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Jobs Growth Improves, But It's Still Not Enough

(The story updates yesterday's preview of the non-farm payrolls report for June with the actual numbers.)

NEW YORK (TheStreet) -- Jobs creation has improved in 2014, but it remains far short of the 390,000 additional jobs needed each month to keep up with population growth and genuinely reduce unemployment.

The jobless rate for June, reported by the Labor Department earlier today, is down to 6.1% from the recession peak of 10%, but most of the reduction has been accomplished by adults quitting the labor market -- neither working nor looking for work.

If the same percentage of adults were in the labor force today as when Presidents Obama or Bush took office, the jobless rate would be 10.4% and 12.4%, respectively.

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Three problems have limited jobs creation during the Bush and Obama years -- slow economic growth overall, a disinclination to control the border with Latin America or disappoint businesses' appetite for cheaper skilled labor from Asia, and the work disincentives imposed by social programs intended to redress income inequality and help the disadvantaged.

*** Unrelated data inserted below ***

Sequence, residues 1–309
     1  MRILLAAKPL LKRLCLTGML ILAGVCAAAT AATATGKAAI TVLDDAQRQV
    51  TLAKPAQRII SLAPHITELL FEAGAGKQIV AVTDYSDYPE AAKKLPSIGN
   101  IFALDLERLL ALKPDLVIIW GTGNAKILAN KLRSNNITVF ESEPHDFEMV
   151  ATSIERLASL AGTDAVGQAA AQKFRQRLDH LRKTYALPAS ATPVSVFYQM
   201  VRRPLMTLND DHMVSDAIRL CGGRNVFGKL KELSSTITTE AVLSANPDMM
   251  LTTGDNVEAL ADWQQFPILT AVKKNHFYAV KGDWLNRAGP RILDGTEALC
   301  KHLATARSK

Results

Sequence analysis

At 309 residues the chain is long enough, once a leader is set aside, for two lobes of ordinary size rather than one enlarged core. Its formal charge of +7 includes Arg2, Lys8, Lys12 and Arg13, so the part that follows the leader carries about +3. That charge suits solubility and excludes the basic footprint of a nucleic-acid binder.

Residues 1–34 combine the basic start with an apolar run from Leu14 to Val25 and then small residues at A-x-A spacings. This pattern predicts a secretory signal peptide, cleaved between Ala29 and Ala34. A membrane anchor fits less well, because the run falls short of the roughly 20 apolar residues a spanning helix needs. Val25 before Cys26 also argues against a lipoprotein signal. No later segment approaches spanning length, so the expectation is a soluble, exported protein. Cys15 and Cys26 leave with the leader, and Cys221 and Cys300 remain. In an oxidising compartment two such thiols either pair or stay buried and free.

In this century, gross-domestic-product growth has averaged 1.7% per year, whereas during the Reagan-Clinton period, it was 3.4%. The reluctance of both Presidents Bush and Obama to confront Chinese protectionism and currency manipulation and open up offshore oil for development has created a huge trade deficit, which sends consumer demand and jobs abroad.